Before a car goes on sale, the US Environmental Protection Agency tests it and gives an official estimate of the vehicle's range and efficiency. According to the feds, theis better than before in some ways, but not others.
The EPA has given the 2018 Nissan Leaf an estimated range of 151 miles from its 40-kWh battery. This is 1 mile better than Nissan estimated when the Leaf first debuted, so Nissan's internal metrics were pretty accurate. It's a far cry from the original Leaf's 84-mile range, that's for sure.
Its numbers aren't superior to old Leafs across the board, though. The EPA calculated the 2018 Leaf's miles-per-gallon equivalent at 112 MPGe combined -- broken down individually, it's rated 125 MPGe in the city and 100 MPGe on the highway.
MPGe was created as a way to compared electrified vehicles to their gas counterparts. A gallon of gas is considered equal to about 33.7 kWh of battery power. Thus, a car that can travel more than 100 miles on that much charge has an MPGe in the triple-digit range.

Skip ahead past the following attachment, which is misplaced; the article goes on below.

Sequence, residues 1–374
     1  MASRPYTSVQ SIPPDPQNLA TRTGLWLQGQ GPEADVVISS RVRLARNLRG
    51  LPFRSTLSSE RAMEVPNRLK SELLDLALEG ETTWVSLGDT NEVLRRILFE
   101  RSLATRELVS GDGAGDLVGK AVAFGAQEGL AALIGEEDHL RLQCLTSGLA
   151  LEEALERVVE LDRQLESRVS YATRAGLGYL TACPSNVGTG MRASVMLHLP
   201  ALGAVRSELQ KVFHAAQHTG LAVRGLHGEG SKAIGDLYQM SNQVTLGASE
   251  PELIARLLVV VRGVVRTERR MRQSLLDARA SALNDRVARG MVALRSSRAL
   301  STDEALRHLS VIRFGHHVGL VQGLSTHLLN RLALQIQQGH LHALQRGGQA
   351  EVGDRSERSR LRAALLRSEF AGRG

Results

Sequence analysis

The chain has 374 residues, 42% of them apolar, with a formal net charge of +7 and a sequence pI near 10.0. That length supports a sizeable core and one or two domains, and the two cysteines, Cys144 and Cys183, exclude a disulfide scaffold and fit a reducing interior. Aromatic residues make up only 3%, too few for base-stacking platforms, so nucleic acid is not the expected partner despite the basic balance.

This means that while the 2018 Leaf's range is way better, its overall per-mile efficiency remains about the same as the 2016 Leaf with the 30-kWh battery pack, and it's actually 2 MPGe lower than the original Leaf. No matter the year, the EPA estimates that the Leaf will cost about $600 in fuel charges per year and should save the driver about $4,000 in fuel costs over five years when compared to the average new car.
So while the numbers weren't as great as they could be, the Leaf is still a solid EV that offers much better range and creature comforts than before. And its new act isn't even over yet -- in the near future, Nissan will unveil a larger battery pack for the Leaf that should push its overall range north of 220 miles, slowly closing in on Chevrolet Bolt EV territory.